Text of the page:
What is a Podiatrist
A podiatrist, also called a doctor of podiatric medicine, is a practitioner who provides diagnosis and treatment of foot and ankle problems, such as bunions, heel pain, spurs, hammertoes, neuromas, ingrown toenails, warts, corns and calluses. A podiatrist also renders care of sprains, infections, and injuries of the foot, ankle and heel. In addition to undergraduate pre-medical training, podiatrists also attend graduate school for a four year doctor of podiatric medicine degree. Podiatrists are required to take state and national exams, as well as be licensed by the state in which they practice.
According to the American Podiatric Medical Association, there are an estimated 15,000 practicing podiatrists in the United States. Podiatrists are in demand more than ever today because of a rapidly aging population. In addition, according to the association, foot disorders are among the most widespread and neglected health problems affecting people in this country.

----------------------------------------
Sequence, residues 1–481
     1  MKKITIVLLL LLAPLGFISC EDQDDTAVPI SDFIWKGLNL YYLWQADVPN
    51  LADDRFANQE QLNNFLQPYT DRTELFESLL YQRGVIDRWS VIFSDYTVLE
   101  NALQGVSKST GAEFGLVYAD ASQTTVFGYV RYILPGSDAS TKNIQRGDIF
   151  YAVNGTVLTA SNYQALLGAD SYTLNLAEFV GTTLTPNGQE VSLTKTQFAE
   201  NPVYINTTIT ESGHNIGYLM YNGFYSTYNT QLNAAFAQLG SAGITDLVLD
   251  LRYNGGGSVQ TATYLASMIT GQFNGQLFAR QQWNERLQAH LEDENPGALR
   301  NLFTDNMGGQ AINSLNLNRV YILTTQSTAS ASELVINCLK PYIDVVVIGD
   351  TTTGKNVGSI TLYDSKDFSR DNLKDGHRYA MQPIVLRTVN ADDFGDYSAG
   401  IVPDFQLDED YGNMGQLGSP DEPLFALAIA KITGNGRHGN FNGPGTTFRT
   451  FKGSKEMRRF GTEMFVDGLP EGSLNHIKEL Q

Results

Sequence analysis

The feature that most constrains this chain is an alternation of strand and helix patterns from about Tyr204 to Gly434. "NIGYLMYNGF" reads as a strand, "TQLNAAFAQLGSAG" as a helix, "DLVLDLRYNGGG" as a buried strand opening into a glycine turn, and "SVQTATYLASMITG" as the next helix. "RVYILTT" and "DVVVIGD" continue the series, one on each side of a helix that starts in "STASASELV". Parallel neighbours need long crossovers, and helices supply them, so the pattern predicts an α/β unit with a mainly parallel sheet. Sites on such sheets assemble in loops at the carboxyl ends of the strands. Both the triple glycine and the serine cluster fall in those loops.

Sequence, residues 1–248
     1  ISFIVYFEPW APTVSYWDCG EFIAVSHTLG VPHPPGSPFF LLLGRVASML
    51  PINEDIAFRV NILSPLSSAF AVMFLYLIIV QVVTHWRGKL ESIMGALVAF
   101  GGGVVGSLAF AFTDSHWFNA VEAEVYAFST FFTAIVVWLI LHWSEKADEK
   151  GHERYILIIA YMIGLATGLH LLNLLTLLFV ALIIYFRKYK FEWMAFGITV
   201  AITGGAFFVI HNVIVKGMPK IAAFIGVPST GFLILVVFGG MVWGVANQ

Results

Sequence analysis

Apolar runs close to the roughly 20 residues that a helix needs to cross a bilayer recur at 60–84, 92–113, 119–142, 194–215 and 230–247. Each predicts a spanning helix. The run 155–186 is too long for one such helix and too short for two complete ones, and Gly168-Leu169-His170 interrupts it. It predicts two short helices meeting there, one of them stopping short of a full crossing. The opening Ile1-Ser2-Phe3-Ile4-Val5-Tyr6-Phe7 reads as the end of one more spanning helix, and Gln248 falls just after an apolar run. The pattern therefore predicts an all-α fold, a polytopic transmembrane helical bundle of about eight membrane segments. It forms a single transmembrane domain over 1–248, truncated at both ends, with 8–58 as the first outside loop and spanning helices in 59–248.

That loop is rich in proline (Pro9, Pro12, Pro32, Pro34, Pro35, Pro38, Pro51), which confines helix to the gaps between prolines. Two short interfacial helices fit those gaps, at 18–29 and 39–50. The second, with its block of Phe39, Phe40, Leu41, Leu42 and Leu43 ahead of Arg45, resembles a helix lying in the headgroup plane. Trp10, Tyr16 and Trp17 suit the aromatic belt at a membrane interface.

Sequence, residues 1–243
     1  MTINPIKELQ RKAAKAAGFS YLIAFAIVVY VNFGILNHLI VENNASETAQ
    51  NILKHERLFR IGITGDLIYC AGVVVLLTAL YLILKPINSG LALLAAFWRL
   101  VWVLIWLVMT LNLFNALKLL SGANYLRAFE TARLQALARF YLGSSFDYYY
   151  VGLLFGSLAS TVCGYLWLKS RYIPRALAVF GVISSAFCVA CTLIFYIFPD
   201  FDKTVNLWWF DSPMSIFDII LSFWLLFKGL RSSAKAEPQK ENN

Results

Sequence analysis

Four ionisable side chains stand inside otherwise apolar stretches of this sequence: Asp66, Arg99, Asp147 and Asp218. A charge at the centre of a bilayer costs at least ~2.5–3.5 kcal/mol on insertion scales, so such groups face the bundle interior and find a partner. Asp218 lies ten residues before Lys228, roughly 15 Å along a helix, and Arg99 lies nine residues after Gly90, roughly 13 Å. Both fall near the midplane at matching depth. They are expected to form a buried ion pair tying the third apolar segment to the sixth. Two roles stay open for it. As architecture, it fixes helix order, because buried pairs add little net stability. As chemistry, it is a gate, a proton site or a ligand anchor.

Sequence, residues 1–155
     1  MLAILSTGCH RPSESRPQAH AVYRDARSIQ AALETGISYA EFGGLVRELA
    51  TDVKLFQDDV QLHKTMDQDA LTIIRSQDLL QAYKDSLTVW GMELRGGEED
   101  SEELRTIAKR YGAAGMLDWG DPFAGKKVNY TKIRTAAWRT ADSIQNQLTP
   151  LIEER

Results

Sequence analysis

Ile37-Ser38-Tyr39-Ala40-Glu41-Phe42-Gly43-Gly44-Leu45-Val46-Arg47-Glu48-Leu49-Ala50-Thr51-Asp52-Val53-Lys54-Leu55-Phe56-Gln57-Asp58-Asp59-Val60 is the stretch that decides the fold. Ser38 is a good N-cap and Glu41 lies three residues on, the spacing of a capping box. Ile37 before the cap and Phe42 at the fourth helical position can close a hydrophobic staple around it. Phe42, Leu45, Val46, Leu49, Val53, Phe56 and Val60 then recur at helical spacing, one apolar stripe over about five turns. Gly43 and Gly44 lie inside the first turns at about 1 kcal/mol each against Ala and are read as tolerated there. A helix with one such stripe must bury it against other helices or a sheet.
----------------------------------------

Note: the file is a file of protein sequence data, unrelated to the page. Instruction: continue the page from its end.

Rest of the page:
Depending on the area where they practice typically, podiatrists:
- Consult with patients and other physicians on how to prevent foot problems.
- Diagnose and treat tumors, ulcers, fractures, skin and nail diseases, and deformities.
- Perform surgeries or treatments to correct or remedy such problems as bunions, clawtoes, fractures, hammertoes, infections, Achilles injuries , and other ligaments and tendons.
- Prescribe therapies and perform diagnostic procedures.
- Prescribe or fits patient with inserts called orthotics that correct walking patterns.
- Treat conditions such as: bone disorders, bunions, corns, calluses, cysts, heel spurs, infections, ingrown nails, and plantar fasciitis.